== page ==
OESJ is confronting hate and bias by strengthening communities 

In response to community concerns over the rise in hate and bias incidents in our region, the Civil Rights Program at the Office of Equity and Social Justice (OESJ) recently launched a new community-based reporting system for communities experiencing acts of hate and bias. This system is unique to the region and focuses upstream on empowering communities, rather than heightening enforcement through the criminal justice system.

Currently, data collected by law enforcement agencies does not accurately portray the realities of hate, bias, and discrimination that many communities face. Underreporting due to tenuous community-law enforcement relationships, lack of education on hate and bias incidents, fear, and a void of standardized data collection methods contribute to this issue. Thus, OESJ is partnering with trusted community groups to combat hate and bias by collecting incident information into a centralized and standardized database.

On March 10, 2020, the King County Council approved a suite of emergency legislation to aid in the County’s response to the COVID-19 outbreak, including $1 million for OESJ to provide flexible resources for engagement and outreach.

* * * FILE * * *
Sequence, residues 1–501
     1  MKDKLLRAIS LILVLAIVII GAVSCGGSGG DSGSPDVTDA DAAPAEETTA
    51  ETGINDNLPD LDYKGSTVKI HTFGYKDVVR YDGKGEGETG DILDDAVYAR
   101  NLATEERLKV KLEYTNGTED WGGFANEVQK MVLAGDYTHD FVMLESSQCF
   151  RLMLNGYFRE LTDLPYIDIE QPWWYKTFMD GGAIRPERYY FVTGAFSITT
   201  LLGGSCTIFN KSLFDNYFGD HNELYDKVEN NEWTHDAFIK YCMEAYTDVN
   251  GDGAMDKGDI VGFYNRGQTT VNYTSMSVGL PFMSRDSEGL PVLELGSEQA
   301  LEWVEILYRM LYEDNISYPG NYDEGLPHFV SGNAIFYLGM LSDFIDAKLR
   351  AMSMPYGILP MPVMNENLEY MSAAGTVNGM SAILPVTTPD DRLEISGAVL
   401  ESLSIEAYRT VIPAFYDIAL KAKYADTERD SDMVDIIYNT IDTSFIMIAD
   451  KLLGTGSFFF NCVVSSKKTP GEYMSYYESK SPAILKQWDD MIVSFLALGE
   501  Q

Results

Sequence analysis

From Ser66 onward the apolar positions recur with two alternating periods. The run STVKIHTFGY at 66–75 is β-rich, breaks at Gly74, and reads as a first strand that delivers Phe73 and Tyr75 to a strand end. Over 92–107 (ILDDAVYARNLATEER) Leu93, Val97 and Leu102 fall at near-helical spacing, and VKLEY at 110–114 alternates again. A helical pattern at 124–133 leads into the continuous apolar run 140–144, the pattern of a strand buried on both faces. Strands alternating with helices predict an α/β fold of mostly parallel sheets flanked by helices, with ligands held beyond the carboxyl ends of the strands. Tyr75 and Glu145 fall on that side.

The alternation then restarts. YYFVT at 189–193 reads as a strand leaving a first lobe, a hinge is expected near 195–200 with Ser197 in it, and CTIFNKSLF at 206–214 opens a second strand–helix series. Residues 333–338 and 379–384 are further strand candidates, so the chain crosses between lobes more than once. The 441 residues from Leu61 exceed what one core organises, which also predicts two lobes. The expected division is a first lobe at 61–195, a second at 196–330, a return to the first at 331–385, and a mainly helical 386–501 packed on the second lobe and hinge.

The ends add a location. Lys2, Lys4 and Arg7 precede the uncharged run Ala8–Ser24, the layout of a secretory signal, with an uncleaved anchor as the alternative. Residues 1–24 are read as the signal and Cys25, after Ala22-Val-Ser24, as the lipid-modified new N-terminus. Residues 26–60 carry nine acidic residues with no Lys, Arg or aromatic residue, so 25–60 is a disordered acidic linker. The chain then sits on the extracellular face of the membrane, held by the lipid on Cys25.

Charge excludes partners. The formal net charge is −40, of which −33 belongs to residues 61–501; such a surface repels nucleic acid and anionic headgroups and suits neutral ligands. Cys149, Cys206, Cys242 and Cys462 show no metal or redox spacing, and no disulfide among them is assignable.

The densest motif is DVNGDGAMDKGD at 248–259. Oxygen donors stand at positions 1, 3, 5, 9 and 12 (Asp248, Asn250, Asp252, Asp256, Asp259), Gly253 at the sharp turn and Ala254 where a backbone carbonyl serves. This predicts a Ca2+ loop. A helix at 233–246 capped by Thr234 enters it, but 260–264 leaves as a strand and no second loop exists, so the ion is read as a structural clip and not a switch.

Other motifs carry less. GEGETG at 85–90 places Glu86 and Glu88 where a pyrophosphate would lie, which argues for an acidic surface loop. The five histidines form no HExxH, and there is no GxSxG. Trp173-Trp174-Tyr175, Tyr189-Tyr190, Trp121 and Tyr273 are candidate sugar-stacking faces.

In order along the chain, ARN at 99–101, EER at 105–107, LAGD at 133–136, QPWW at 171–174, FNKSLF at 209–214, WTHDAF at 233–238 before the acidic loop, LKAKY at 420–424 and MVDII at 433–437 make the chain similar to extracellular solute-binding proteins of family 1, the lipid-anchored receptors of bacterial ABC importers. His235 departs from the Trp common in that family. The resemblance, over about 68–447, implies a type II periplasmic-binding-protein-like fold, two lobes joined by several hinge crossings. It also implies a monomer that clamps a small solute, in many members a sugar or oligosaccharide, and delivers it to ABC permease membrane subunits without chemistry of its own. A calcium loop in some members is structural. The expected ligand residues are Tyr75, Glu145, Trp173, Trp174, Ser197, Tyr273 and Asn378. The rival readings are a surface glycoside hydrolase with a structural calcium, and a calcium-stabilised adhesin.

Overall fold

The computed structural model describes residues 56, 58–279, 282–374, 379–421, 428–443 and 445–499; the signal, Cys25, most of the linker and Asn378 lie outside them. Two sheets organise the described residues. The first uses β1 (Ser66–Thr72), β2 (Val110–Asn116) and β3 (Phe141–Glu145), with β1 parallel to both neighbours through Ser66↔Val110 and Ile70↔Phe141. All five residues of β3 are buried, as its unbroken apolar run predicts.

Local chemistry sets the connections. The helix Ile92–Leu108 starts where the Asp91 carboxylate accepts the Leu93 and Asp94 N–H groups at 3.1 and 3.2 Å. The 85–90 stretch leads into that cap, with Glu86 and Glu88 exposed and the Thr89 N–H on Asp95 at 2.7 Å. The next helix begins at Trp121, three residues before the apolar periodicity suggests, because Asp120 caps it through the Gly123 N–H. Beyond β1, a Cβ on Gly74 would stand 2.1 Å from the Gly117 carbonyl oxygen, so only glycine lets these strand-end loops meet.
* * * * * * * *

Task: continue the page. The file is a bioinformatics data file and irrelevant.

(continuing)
OEJS awarded funds to the following community partners to lead this work: The COVD-19 Community Reponses Fund Alliance, the Seattle Chinatown International District Preservation and Development Authority, the United Indians of All Tribes Foundation, and the Somali Community Service of Seattle. OESJ was also able to fund a community artist, Matt Echohawk Hayashi with the Headwater People, to provide artwork for this program.

While the current funds were allocated to address COVID-19 related incidents of hate and bias, the long-term goal is to provide King County and its diverse communities a reliable and broad network of support for long after this crisis is over. OESJ is proud and honored to support these community partners in this important work.